Yuma Program Coordinator finds success recruiting in churches
Recruiting new CASA volunteers can be tough -- and each county faces its own unique set of challenges.
But CASA of Yuma County Program Coordinator Dennis O'Rourke said the faith-based community is helping to change that for him. In fact, O'Rourke credits the church community for about 65 percent of his new CASA volunteers.
"Most people that go to church, they truly have good hearts and believe in protecting and helping children," O'Rourke said. "They throw down the red carpet when you come in there because they want to help abused and neglected children."
From January to April in 2013, O'Rourke plans to present and set up tables at 10 churches in Yuma County. He has either called or sent an e-mail to every church in the county and has visited a number of different faiths. O'Rourke also attends and speaks at the end of Catholic Spanish mass.
"One of Dennis' strengths is his ability to reach out to the community and build relationships," said Deputy Director of Juvenile Court Services Jolene Hefner. "This ability has opened doors, allowing him to recruit more volunteers than the program has seen in the last few years. Dennis also takes every opportunity to promote the CASA program and this has resulted in increased public awareness and dedicated volunteers."
A former life insurance sales representative, O'Rourke enjoys the challenge of going out into the community and recruiting volunteers. He is especially excited to do the recruiting work he loves for the specific benefit of abused and neglected children.
"Once you get in the door and start talking about CASA, it's easy," O'Rourke said. "I'm not nervous in the churches because oftentimes I'm sharing a message that the person I'm talking to believes in as much as I do."
O'Rourke has developed a system for his church outreach that involves some work before, during and after a presentation.
He said that if he gets around 60 people who express interest and if he is able to reach them for follow up, then it will usually result in a meeting with about 20 people, interviews with about eight people and approximately six will end up at the academy.
"It's pretty amazing because when I go out to the churches to speak, I'll hear the priests, the deacons, the pastors talking about me during their sermons," O'Rourke said. "They'll let everyone know that Dennis from CASA is here and then they'll speak to the importance of helping abused and neglected children."
Christopher Johnson, Ph.D. has been volunteering with CASA of Yuma County for about a year-and-a-half and is impressed by the way O'Rourke successfully balances his recruiting efforts with making sure his volunteers have what they need.
"He approaches his role at the grassroots level," Johnson said. "He not only keeps our primary goal in mind, but also the volunteers who support that goal. He has been a strong program recruiter and his service to the program is solid."
For program coordinators who are looking to increase faith-based recruiting efforts in their counties, Dennis O'Rourke has offered to be a resource. He can be reached at [email protected]
CASA of Maricopa County Program Director Appointed to Board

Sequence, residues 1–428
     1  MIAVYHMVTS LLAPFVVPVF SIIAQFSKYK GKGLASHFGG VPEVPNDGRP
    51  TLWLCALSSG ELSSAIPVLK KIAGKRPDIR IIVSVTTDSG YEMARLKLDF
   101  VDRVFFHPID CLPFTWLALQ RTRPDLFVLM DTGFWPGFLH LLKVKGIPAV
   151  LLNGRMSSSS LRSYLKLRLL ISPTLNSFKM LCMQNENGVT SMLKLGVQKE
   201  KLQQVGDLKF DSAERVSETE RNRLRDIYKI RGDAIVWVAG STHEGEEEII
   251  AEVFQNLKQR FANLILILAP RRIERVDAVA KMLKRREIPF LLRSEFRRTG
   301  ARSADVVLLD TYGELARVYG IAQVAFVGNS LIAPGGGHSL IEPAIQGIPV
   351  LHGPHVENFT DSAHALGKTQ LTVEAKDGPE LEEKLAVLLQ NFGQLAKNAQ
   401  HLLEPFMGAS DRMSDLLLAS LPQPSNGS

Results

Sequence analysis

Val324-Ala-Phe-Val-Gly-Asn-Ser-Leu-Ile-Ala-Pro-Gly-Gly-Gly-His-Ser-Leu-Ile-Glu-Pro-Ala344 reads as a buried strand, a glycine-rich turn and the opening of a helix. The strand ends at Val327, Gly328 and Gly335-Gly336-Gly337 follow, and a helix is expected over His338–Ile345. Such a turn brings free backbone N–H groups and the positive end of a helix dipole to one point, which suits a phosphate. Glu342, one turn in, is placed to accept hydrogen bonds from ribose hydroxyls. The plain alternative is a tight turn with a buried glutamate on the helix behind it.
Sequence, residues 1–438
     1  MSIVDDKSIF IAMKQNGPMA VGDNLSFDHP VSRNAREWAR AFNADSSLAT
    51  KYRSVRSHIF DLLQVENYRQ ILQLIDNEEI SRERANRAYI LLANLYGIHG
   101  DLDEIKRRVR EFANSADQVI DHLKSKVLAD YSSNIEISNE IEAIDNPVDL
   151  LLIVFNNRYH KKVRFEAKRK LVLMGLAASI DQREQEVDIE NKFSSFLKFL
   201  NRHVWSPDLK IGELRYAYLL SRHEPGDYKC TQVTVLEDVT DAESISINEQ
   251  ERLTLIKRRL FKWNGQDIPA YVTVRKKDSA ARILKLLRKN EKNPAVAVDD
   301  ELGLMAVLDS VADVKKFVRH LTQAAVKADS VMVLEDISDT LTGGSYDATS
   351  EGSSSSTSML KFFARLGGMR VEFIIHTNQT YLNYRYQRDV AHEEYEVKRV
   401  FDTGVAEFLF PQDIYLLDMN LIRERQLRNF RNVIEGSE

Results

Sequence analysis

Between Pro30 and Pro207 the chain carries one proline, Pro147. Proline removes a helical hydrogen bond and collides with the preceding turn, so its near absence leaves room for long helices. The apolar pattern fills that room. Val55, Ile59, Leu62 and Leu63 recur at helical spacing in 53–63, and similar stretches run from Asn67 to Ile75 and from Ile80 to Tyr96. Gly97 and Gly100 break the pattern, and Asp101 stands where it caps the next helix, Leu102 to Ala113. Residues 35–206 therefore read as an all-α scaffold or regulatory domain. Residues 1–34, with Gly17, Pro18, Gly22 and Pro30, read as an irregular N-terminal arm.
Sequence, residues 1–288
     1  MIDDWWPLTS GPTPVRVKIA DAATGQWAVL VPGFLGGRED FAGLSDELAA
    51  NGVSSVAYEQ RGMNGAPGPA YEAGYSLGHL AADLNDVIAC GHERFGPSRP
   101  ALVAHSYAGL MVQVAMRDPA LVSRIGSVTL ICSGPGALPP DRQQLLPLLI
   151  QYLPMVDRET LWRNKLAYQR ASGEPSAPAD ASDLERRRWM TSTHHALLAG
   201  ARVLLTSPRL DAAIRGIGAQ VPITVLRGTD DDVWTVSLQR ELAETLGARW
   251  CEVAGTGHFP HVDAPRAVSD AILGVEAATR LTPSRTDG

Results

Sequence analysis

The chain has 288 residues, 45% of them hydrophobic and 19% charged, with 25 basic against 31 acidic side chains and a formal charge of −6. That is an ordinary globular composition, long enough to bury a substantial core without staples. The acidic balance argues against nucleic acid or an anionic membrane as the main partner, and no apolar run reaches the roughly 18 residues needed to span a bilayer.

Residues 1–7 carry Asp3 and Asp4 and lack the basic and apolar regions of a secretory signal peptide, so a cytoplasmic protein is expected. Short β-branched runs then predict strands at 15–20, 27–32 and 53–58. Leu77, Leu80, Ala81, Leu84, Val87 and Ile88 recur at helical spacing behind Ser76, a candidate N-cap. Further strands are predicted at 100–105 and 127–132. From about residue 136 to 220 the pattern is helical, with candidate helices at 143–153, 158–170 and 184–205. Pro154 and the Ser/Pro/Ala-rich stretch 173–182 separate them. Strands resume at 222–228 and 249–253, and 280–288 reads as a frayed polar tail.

CASA of Maricopa County Program Director Laurie Laughlin has been appointed as chair for the Confidential Intermediary Board. The role requires a two-year commitment. The Confidential Intermediary Program was established in 1992 and certifies Confidential Intermediaries (CIs) through the Certification and Licensing Division of the Arizona Supreme Court. CIs provide a service to help facilitate contact between parties of an adoption or siblings separated as a result of a dependency action.
CASA Volunteer Spotlight:
Maricopa County CASA volunteer commits hundreds of hours to her case
Yolanda Josey is a busy grandmother and full-time mail carrier for the U.S. Postal Service, but that doesn't stop her making time for her CASA children.
Josey, a CASA volunteer in Maricopa County, has been working on the same case for more than two years and has formed a special bond with the children for whom she advocates.
"I would rather give up a couple of hours of sleep so that I can sleep a little easier knowing that my CASA child had a smile on his face today," Josey said. "Too many of these children do not have a reason to smile at all."
Josey became a CASA volunteer in early 2010 while she was working part-time. As the oldest of nine children, she spent years helping care for her younger siblings, and with her own children grown, she was ready to spend her time volunteering. Josey discovered CASA on volunteermatch.com, along with a number of other opportunities to help children.
"I looked at other options, but I kept coming back to CASA," Josey said.
Although her role has required her to travel lengthy distances and her case has been difficult, Josey is still glad that she chose CASA.
Walter Menges, who is Josey's peer coordinator for CASA of Maricopa County, describes Josey as persistent and hardworking in her role as a volunteer.
"Yolanda is extremely dedicated to her child and is relentless in her advocacy," Menges said. "She has put in well over 400 hours of time and has literally traveled thousands of miles."
Josey said that being a CASA volunteer with a full-time job is a challenge, but she can't imagine not being a part of the lives of her appointed children.
"The amount of time it takes seems like nothing compared to the good you can do for this child," Josey said. "Each time the child has to start over with a new case manager, teacher, foster parent or anyone, it's hard on them. You can be the one to fill in the blanks for the new person and make yet another change go a little easier on the child."
CASA of Arizona thanks Josey for her outstanding work as a volunteer and her commitment to her CASA child! Know an amazing volunteer? Let us know by e-mailing [email protected]!